I'd just like to chuck one out of left field here. I'd like to rock the boat, to stir the pot up, to muddy the water so that I can appreciate what clarity means
We seem to ask a lot of pretty specific questions about the Dhamma. Somewhat akin to "What happens if X meets Y on a particular occasion where Z is present under the influence of W."
It's had me thinking for a while, I've been posting on Dhamma boards for a couple'a years now, and largely I have arrived at this conclusion:
- I have amounted a lot of intelectual understanding.
- It won't put an end to anything.
When I was staying at the Monastery in Wellington, Ajahn Tiradhammo was showing me some weeds he thought could be removed. I spaded one out, and said: "These plants, they're just home to the devas, never alive to begin with?"
Ajahn Ti just laughed and said: "Well, one thing's for sure, they're dead now!"
Everytime I did this, I'd get that kind of response. Ajahn had a wonderful sense of humor. But it taught me something on a deeper level. Not every question asked deserves an answer, not every question asked deserves your precious breath in speaking.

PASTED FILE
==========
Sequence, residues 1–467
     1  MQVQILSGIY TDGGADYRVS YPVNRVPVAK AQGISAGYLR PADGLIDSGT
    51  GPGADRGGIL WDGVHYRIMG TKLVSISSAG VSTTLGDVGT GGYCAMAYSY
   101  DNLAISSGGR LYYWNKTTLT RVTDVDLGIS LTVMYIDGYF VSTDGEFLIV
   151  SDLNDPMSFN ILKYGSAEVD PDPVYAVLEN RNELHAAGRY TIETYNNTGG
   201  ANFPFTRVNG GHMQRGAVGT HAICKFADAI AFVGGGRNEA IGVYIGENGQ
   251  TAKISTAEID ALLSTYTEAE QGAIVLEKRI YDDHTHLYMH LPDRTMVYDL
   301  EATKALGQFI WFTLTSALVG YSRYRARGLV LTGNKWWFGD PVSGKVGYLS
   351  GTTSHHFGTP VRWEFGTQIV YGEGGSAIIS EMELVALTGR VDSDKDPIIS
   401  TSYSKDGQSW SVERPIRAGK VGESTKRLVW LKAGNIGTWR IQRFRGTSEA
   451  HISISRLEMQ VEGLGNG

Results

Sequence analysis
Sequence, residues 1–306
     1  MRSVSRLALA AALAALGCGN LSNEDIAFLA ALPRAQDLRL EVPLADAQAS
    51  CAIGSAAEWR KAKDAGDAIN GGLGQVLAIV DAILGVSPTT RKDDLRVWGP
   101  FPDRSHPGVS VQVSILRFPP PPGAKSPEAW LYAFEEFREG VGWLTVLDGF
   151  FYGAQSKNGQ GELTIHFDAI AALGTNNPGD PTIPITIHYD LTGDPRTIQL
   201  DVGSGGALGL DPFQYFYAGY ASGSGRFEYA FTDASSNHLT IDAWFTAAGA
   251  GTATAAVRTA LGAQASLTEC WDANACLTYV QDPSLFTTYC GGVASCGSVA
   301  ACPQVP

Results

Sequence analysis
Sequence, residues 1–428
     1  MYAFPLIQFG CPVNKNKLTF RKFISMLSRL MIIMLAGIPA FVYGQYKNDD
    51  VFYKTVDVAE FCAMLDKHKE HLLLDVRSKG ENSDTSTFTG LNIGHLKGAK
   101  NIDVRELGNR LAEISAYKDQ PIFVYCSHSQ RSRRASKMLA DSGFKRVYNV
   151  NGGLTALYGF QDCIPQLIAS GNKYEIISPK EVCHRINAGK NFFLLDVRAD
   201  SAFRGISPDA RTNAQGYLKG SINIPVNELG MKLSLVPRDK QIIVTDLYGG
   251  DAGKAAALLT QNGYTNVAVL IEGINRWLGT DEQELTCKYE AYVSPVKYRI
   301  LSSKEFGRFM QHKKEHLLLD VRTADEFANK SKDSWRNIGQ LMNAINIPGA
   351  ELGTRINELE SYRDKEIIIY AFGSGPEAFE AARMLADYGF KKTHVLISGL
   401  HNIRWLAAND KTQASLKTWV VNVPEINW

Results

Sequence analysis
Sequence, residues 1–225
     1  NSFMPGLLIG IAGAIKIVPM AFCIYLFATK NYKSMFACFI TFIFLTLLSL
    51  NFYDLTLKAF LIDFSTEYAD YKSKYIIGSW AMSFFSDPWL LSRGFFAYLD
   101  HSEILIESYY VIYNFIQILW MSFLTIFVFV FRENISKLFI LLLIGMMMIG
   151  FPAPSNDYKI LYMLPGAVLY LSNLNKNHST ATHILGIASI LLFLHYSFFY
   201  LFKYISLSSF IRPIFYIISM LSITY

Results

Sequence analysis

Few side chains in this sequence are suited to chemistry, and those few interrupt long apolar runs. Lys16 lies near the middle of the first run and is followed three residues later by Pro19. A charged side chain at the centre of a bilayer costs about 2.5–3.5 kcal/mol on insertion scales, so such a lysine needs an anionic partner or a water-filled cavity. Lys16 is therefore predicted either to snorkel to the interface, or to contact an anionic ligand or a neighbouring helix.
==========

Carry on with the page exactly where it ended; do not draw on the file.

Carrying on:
We talk about the Dhamma being there to be realised for ones self, but much of what I see and experience on Dhamma-boards seems to be concerned with clarifying scholastic knowledge - Often pretty trivial things. I think there is a tedency in myself, and others who visit these Dhamma-boards on the internet. A tendency to crave after knowledge. It gives a fleeting pleasure
, which then reinforces the desire for more knowledge.
But this kind of knowledge is superficial.
Scholars still suffer.
This is pot calling the kettle black to the extreme. It's a beautiful contradiction, which I fully accept.
A word from a recovering INFO-holic:
It's not what you know, but how you know it.
"For a disciple who has conviction in the Teacher's message & lives to penetrate it, what accords with the Dhamma is this:
'The Blessed One is the Teacher, I am a disciple. He is the one who knows, not I." -